“I applaud my former colleagues in Congress for coming together to pass the most significant financial reform legislation in recent history. This new law will improve consumers’ access to credit, reduce regulatory burdens on credit unions and community banks, and fuel economic growth and job creation across the nation.
“As Acting Director of the Bureau of Consumer Financial Protection, I am pleased to see the long-overdue reforms to the regulations governing mortgage lending. These changes will allow community banks and credit unions to focus on making prudent loans to prospective homebuyers without being tied up in expensive and excessive red tape. I stand ready to work with Congress and the rest of the Administration to implement these new reforms that will promote a brighter, more prosperous future.”
Bureau of Consumer Financial Protection Announces Settlement With Wells Fargo For Auto-Loan Administration and Mortgage Practices
WASHINGTON, D.C. — Today the Bureau of Consumer Financial Protection (Bureau) announced a settlement with Wells Fargo Bank, N.A. in a coordinated action with the Office of the Comptroller of the Currency (OCC). As described in the consent order, the Bureau found that Wells Fargo violated the Consumer Financial Protection Act (CFPA) in the way it administered a mandatory insurance program related to its auto loans. The Bureau also found that Wells Fargo violated the CFPA in how it charged certain borrowers for mortgage interest rate-lock extensions. Under the terms of the consent orders, Wells Fargo will remediate harmed consumers and undertake certain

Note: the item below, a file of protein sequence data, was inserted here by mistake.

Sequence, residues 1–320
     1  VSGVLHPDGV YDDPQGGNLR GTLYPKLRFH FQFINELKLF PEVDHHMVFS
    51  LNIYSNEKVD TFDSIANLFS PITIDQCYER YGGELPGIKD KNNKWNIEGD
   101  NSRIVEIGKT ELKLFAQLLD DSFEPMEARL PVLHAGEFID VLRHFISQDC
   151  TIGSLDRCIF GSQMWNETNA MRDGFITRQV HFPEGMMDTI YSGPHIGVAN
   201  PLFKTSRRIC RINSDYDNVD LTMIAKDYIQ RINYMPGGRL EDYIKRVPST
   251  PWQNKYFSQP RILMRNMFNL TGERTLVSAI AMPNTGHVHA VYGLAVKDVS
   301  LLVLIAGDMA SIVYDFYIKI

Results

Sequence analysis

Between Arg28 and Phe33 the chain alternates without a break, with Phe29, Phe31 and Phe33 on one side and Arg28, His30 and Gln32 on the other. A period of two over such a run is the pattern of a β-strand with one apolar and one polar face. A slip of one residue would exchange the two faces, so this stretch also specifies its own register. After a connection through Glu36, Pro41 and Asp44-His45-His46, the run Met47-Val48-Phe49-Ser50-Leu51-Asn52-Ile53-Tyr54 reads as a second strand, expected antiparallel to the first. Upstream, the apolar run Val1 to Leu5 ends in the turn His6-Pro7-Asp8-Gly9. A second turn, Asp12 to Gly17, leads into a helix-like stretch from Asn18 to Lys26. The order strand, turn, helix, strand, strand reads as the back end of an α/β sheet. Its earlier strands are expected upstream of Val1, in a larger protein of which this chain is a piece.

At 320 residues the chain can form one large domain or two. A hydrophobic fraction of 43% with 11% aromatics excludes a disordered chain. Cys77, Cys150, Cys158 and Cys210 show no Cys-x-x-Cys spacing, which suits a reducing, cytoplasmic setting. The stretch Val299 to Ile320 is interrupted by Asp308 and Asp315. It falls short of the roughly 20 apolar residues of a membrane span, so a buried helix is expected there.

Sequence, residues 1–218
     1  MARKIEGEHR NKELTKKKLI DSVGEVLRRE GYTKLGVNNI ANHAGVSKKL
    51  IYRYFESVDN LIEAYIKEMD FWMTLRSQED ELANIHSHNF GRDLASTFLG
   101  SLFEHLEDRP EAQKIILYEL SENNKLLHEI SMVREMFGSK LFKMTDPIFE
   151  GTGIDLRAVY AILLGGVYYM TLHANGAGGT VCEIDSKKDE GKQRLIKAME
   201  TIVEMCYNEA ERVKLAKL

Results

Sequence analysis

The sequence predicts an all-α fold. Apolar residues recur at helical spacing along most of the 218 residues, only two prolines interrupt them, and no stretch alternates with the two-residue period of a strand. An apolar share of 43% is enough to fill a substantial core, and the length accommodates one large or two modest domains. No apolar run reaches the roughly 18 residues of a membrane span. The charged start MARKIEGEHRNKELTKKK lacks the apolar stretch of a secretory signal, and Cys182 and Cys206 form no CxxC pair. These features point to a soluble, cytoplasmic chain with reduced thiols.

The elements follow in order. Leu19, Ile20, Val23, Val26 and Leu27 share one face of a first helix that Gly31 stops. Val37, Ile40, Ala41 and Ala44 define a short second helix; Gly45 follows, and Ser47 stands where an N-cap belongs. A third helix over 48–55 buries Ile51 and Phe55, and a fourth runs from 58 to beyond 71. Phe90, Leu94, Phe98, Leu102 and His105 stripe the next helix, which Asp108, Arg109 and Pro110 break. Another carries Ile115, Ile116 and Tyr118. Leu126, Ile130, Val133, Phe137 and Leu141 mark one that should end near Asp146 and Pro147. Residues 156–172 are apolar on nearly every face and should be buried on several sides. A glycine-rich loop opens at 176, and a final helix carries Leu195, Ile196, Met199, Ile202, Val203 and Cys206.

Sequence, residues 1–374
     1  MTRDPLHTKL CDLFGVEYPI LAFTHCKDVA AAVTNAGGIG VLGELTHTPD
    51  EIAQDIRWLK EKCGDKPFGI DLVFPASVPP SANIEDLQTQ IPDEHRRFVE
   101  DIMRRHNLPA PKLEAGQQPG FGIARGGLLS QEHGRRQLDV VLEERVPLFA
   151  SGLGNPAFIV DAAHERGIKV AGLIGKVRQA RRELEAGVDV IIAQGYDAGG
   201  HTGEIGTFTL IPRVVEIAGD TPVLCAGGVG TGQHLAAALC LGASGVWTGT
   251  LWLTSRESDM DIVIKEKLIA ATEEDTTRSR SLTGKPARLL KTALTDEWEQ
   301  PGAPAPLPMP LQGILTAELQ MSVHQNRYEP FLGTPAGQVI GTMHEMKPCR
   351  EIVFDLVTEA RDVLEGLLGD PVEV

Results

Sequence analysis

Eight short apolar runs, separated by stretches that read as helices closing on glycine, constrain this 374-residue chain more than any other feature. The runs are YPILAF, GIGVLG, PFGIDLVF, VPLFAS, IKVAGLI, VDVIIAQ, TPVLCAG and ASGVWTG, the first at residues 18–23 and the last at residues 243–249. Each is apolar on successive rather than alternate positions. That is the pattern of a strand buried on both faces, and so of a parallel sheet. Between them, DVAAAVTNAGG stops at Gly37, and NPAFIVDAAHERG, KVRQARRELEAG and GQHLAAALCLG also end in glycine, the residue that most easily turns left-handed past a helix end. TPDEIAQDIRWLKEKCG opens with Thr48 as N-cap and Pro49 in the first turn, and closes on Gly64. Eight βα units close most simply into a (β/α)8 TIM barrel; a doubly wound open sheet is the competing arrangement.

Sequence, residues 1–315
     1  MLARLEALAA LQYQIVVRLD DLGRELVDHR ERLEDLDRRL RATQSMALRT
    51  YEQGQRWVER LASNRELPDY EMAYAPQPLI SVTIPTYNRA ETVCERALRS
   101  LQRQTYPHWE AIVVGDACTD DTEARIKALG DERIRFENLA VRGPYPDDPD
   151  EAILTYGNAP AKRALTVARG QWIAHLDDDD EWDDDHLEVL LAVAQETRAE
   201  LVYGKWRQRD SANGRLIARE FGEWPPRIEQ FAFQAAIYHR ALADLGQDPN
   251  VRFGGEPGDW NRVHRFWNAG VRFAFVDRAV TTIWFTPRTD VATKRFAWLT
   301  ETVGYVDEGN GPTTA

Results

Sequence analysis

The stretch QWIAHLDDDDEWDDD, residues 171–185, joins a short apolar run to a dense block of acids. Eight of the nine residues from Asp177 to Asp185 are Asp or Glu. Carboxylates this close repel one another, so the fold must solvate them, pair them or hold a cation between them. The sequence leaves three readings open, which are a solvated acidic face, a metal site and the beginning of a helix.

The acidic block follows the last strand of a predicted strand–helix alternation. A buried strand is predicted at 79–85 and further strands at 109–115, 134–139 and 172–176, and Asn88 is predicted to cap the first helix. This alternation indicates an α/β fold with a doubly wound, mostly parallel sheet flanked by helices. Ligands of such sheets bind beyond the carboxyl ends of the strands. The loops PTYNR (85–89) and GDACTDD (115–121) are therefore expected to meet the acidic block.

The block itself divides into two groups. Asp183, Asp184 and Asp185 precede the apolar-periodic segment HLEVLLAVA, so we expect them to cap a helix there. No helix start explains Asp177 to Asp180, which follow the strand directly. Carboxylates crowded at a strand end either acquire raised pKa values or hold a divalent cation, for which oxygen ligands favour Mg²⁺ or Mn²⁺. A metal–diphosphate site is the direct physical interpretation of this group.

The bureau announced back in January that it is issuing a “call for evidence to ensure the bureau is fulfilling its proper and appropriate functions to best protect consumers.” It announced it will publish requests for public comment on the bureau’s enforcement, supervision, rulemaking, market monitoring, and education activities.
These “Requests for Information” will “provide an opportunity...
Acting Director Mulvaney Announces Call for Evidence Regarding Consumer Financial Protection Bureau Functions
Seeks Public Input on Ways to Better Fulfill Statutory Obligations